Place into a bowl and add fresh black pepper.
Now, assemble the whole dish:
- 1 recipe cheese sauce (above)
- 4 cups thinly sliced potatoes, 1/4 inch thick (4 potatoes / 625g)
- 3 tablespoons Earth Balance buttery spread (45g)
- 1 onion diced (1 cup / 120g)
- 4 cloves garlic, minced
- 1/2 cup unsweetened soy milk creamer (120ml)
- 1/3 cup parsley, chopped (8g)
- 1 tablespoons rice flour (30g)
- 1 teaspoon salt (6g)
- 3 cups of chard, chopped (175g)
Preheat oven to 350°F (175°C)
Slice potatoes and set aside.
Heat Earth Balance in a skillet and add the onions, garlic and parsley.
Saute for 5 minutes on medium heat.
Add the flour and salt and stir for 30 seconds.
Slowly pour in the creamer and stir until mixture thickens, 1-2 minutes.
Turn off heat and set aside.
Evenly spread 1/4 cup (60g) of cheese sauce on the bottom of a 8x11 baking dish.
Place a third of the potatoes over the sauce, covering the bottom of the pan.
Place half of the chard over the potatoes.
Place a third of cheese sauce over the chard (about 1 cup / 230g).
Repeat (another third of potatoes, the rest of the chard, another third of the cheese sauce).
Add the last layer of potatoes and then pour over the remaining cheese sauce.
With a spoon, evenly dollop the onion/garlic mixture on top of the cheese sauce and sprinkle with paprika.
Place in the oven and baked uncovered for 1 hour.
You can use any leafy green in place of the chard.
(I’m writing my bio in first person because I think writing about myself in third person is creepy)
If I’m not in my kitchen you will find me behind my camera, in front of my computer, on my meditation pillow, in a yoga class or watching Parks and Rec (I promise I’m not snobby – I’m not even good at yoga. It has been my lifelong dream to touch even my fingers to the mat in a forward bend. It still boggles me that I can’t do it given that my arms are disproportionately long).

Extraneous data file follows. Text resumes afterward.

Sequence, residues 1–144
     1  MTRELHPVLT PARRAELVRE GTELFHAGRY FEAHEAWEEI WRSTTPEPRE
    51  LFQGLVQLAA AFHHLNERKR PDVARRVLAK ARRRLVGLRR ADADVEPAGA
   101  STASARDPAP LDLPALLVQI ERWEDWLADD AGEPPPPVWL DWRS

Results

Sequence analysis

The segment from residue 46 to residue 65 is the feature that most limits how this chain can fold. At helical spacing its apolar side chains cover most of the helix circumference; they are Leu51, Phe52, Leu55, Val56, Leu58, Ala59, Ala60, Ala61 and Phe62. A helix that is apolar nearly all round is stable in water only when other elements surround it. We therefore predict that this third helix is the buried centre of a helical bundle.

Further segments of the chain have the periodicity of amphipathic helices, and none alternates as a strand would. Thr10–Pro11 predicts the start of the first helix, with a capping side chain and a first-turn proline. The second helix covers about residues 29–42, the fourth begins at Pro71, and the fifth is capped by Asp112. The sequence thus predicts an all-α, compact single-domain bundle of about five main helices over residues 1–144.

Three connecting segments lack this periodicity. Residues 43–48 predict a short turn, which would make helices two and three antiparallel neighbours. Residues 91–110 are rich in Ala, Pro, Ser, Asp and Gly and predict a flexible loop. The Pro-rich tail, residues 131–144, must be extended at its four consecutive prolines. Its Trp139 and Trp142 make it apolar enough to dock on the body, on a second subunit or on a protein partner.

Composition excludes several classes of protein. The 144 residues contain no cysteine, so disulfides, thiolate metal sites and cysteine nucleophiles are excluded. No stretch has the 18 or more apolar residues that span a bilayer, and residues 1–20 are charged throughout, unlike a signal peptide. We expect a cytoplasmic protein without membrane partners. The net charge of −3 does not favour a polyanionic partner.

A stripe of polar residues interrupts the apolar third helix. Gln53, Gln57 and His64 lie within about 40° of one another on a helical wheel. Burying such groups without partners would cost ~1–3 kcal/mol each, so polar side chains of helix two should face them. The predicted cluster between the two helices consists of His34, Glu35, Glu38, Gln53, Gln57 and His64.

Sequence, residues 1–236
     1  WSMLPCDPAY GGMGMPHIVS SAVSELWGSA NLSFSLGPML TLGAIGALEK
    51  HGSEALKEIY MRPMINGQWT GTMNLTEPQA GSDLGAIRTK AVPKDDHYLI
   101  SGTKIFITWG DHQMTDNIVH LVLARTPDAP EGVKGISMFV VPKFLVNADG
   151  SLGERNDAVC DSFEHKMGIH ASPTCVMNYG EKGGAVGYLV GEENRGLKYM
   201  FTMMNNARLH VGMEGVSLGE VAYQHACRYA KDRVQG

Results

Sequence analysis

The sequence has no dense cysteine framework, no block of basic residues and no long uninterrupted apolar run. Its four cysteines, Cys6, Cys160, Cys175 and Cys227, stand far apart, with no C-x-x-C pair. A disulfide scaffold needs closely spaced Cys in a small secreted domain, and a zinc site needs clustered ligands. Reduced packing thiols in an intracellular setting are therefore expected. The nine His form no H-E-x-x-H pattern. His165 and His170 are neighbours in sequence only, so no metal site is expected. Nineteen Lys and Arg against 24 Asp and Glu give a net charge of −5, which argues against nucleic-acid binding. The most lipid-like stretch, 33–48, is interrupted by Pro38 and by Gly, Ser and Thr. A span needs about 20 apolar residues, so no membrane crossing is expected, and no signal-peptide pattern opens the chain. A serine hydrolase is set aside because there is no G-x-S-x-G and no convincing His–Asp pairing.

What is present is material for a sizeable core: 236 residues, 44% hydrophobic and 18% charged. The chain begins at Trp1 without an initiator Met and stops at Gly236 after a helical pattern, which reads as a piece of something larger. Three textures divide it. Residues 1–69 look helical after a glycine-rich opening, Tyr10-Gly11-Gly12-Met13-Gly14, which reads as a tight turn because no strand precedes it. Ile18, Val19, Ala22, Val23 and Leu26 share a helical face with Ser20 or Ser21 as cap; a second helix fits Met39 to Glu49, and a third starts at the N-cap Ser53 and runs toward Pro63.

I have helped open restaurants in New Mexico, California, Texas and Arizona (including Nature’s Express in Berkeley, CA). Before I wrote cookbooks and opened restaurants I was a personal chef.
You can buy my cookbooks on my website, boldvegan.com. While you’re there you can drool over lots of free recipes, check out my guide to getting healthy, 21 Days to Awesome and, sign up for my emails where I share even more recipes and charming banter.
(oh, and I’m always accepting recipe development, food styling and photography work. Check my online portfolio here)
It’s National Oatmeal Day! Whenever I’m forced to eat breakfast in a non-vegan-friendly restaurant at a work event or whatever, I can almost always count on the oatmeal to help me leave feeling full, if not exactly satisfied (“$7 for this? I make this at home every morning. Thank god someone else is paying…”).
But maybe it’s time we kick our oatmeal up a notch. Maybe it’s time we do steel-cut oats, and in a slow cooker, with cardamom and rose water and pears. Maybe it’s time we MAKE THIS RECIPE!
Or just get a packet of the instant stuff and eat it straight, no water, whatever you need to do to get through the day.
Let’s have a moment of silence for all the oatmeals out there. Amen.
Hey look! It’s the Regal Vegan teaching you how to make vegan Banh mi! Well. How do you like that.
Product review: Wholesome Chow’s Big Yummy (gluten-free) Brownie! »
Okay, here’s the deal you guys: I’m not the biggest sweets fan. In fact, sometimes when I eat too much sugar, my skin gets red, puffy and really warm.* This just happened at my birthday party, and freaked out my entire family. I finished my cake anyway, but everyone kept touching my red, blotchy arm as if I were a science experiment.
Being the incredibly talented (as well as good-looking, charismatic and hilarious) professional pastry chef that I am, people are often quite confused that I don’t really eat sweets anymore. I’m like, “good thing you guys, this way at the end of my shift there’s actually prouduct available for the public to buy!” I mean, makes perfect sense to me—I go home and gorge on pizza, so everyone wins.
Cutting to chase here, I usually pass up on dessert samples for Vegansaurus. However, because of my success with, and complete admiration for, Wholesome Chow’s products in the past, I was not willing to give up the opportunity to try their gluten-free brownies! I was expecting to get a dry mix in the mail that I would then bake, so imagine my delight when I opened a package with three BIG brownies encased. I mean, I’m excited just reminiscing about that evening.